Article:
Mobile commerce site performance at Dick’s improves

Mobile Commerce - Dick's Sporting Goods

The sporting goods store has managed to speed up its page load time by a second. According to the latest statistics from Keynote Systems, Dick’s Sporting Goods, the decision to slash eight objects from its mobile commerce page has improved its performance by reducing its page load time by a second. Keynote feels that the retailer’s decision paid off as the improvement to the site performance was meaningful. On March 21, Dick’s took its mobile commerce website objects down from 36 to 28 so that its average page load time…

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Mobile commerce website struggles caused by Superstorm Sandy

Mobile platform smartphone error

The hurricane didn’t just impact physical homes and business, but it is also harming the virtual world. According to Keynote Systems, cell towers malfunctioning as a result of damage caused by hurricane Sandy have had a harmful impact on the performance of mobile commerce websites. New York is one of the two areas where the site performance was the hardest hit. The Keynote Mobile Commerce Performance Index measures the performance of thirty retailers. According to Keynote Systems mobile and web performance expert, Haroon Chohan, “Hurricane Sandy caused 25% of cell…

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Five stars for top three retail giants in mobile site performance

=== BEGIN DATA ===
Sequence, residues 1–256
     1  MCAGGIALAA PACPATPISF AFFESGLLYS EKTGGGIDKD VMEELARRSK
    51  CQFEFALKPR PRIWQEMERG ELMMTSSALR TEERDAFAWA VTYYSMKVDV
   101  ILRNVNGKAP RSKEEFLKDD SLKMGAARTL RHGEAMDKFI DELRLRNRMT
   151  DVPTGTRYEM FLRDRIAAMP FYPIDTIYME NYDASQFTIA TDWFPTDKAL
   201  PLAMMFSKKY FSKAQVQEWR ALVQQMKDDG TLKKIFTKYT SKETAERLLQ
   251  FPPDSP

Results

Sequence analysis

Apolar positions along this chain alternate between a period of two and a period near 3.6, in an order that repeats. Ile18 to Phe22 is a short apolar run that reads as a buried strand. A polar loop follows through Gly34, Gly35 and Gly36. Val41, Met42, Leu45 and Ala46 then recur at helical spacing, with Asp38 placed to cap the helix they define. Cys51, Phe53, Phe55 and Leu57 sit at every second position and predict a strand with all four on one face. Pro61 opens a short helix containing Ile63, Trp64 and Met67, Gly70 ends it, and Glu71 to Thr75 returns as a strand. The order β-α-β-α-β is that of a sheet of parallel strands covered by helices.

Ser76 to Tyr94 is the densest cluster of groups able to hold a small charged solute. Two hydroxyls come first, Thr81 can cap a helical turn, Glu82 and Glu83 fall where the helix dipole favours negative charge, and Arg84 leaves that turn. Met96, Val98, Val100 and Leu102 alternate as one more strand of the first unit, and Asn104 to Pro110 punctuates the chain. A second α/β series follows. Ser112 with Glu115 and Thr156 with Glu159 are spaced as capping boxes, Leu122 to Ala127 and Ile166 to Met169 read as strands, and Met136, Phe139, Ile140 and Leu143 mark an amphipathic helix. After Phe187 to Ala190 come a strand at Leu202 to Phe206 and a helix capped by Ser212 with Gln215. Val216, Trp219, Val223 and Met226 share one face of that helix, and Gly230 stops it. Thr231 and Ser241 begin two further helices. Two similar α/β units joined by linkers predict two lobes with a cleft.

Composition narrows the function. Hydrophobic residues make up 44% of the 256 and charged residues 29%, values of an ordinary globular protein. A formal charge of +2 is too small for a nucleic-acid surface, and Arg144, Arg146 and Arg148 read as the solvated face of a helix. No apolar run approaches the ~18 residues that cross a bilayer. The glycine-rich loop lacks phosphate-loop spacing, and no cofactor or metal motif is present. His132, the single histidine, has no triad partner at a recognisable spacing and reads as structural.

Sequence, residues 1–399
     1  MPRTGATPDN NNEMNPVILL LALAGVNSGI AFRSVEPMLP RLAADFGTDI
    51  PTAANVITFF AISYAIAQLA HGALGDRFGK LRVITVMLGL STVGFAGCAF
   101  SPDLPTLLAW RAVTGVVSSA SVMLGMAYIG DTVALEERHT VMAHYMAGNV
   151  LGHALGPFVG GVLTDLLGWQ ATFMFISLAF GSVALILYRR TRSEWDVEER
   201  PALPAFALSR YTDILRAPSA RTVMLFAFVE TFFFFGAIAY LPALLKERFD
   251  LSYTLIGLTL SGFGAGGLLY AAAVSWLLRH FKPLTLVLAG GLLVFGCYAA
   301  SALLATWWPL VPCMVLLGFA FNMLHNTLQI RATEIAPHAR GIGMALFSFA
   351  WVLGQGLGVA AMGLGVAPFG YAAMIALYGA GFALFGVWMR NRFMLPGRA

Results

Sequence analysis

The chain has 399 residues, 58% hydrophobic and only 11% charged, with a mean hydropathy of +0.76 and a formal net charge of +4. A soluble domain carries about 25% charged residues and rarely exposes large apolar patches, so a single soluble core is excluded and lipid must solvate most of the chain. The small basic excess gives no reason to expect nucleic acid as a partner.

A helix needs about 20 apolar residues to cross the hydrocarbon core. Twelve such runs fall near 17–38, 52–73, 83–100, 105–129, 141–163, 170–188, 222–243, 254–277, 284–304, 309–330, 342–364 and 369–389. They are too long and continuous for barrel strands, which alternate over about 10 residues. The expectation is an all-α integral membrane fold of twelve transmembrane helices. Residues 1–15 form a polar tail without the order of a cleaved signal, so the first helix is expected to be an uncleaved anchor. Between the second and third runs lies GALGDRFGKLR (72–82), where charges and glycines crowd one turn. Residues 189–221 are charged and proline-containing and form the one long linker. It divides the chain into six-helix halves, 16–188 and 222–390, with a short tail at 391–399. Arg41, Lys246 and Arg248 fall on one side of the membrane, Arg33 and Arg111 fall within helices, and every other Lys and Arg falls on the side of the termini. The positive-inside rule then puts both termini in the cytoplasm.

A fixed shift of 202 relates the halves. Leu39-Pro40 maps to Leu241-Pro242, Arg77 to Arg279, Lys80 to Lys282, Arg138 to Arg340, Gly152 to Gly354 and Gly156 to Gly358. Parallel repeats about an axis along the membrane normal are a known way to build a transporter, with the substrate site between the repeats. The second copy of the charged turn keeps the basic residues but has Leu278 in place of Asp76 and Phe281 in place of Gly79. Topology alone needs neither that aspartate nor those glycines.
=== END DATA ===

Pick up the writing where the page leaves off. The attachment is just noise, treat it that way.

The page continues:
Mobile Commerce Industry

The Keynote Mobile Commerce Performance Index data was released, applauding J.C. Penney Co. Inc., Staples Inc., and Sears Holdings Corp., for the best scores among mobile retailers, as well as for the short load times for their pages. The data for the week that ended on December 4, showed that Sears was the top retailer. Its mobile web homepage was able to load in 3.91 seconds, and was successfully loaded 99.44 percent of the time. According to Keynote Systems Inc., the web and mobile performance management company, this earned the…

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M-commerce sites slow down with too much information and too many features

Mobile Commerce Website Optimization

After having made dramatic changes to its mobile website, Bloomingdales failed to experience the positive results that it was seeking. The problem was found to be the amount of content that was available on the site. The issue is that the greater the amount of content that is added to a mobile site, and the larger the number of features it offers, the slower that page will load on a mobile device such as a smartphone or tablet. Since the Bloomingdales site included a great deal of content and features…

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